Serbian firebrand politician Vojislav Seselj is continuing to cause the ICTY some headaches [IJT- 171]. Seselj, reportedly gravely ill from cancer but throwing himself into Serbian political life with gusto, has been on provisional release since November 2014. He has repeatedly said he will not voluntarily return to The Hague to hear a judgment against him. After so many delays and twists and turns, it's hard to be sure that the tribunal’s planning of a judgement in the first quarter will hold. 

The ICTY will also be breaking new ground as the MICT transitional mechanism, set up to take over the court's continuing duties [IJT-185] as the ICTY closes its doors, prepares for the re-trial of Jovica Stanisic and Franko Simatovic, two former Serbian officials. It is uncertain when the trial will start, but if the speed with which the MICT set up the pair's initial appearance in court is anything to go by, it'll be soon.

At the Special Tribunal for Lebanon (STL), the prosecution is in the middle of presenting its case with almost as many witnesses still to be heard (187) as have already been heard (202) [IJT-177].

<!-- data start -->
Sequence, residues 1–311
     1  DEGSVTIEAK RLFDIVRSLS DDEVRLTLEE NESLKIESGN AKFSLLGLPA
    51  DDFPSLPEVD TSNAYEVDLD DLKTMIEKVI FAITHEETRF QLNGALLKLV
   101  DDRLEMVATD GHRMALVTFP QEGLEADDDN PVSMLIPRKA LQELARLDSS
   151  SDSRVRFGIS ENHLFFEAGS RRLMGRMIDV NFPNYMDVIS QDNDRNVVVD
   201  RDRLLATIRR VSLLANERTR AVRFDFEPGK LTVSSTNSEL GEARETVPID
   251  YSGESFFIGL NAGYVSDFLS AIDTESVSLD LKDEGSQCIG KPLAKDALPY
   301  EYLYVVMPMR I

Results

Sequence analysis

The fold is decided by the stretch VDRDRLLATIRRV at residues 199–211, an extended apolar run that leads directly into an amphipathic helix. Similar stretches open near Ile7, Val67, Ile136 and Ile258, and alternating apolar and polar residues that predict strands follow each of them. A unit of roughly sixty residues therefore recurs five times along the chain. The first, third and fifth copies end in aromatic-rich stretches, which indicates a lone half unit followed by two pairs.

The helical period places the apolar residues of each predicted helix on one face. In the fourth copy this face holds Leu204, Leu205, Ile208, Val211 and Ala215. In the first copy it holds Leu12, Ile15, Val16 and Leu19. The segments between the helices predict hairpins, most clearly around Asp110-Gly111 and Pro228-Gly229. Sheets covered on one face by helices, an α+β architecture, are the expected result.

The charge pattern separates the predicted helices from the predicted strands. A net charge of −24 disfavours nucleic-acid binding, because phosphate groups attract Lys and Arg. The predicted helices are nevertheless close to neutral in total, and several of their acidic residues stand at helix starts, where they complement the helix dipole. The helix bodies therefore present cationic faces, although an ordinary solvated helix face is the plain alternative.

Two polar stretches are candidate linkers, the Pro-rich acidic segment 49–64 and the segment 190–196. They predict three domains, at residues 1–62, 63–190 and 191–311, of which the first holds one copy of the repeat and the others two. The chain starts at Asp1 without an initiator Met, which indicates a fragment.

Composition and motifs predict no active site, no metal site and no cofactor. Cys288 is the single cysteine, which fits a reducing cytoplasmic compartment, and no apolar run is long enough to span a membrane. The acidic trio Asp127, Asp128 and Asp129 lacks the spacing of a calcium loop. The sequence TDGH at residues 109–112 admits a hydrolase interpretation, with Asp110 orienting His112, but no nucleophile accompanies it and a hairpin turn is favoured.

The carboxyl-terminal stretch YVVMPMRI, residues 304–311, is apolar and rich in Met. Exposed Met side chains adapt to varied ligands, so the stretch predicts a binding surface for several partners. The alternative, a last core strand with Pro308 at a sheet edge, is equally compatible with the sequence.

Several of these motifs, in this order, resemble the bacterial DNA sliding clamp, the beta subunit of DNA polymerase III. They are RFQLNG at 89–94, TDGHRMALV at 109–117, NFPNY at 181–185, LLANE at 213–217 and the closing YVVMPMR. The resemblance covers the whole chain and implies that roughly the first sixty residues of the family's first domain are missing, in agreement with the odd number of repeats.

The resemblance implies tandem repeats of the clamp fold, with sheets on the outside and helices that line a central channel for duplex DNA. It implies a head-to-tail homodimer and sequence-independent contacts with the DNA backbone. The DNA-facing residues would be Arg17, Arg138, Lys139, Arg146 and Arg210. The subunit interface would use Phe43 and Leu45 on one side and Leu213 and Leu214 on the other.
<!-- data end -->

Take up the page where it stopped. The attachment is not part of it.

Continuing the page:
In Cambodia, the appeal against the life sentences for former Khmer Rouge leaders Nuon Chea and Khieu Samphan for crimes against humanity in the so-called case 002/01 continues before the Extraordinary Chambers in the Courts of Cambodia (ECCC), while the same defendants are also on trial in case 002/02. The second case includes genocide charges and focuses on abuses in Khmer Rouge prisons and detention camps. But the big question in 2016 is what will happen with the so-called 003 and 004 cases where the court indicted several new suspects last year [IJT-177]. With national and international factions at the court openly disagreeing on policy and the opposition of the Cambodian authorities to these cases, it’s unsurprising no suspects have so far been arrested.

This is just a handful of the cases and situations that IJT follows and we expect to continue reporting on this year. We are also expanding our range of stories by publishing more opinion pieces from international justice actors. If you have such pieces and would like to see them on the IJT website, please email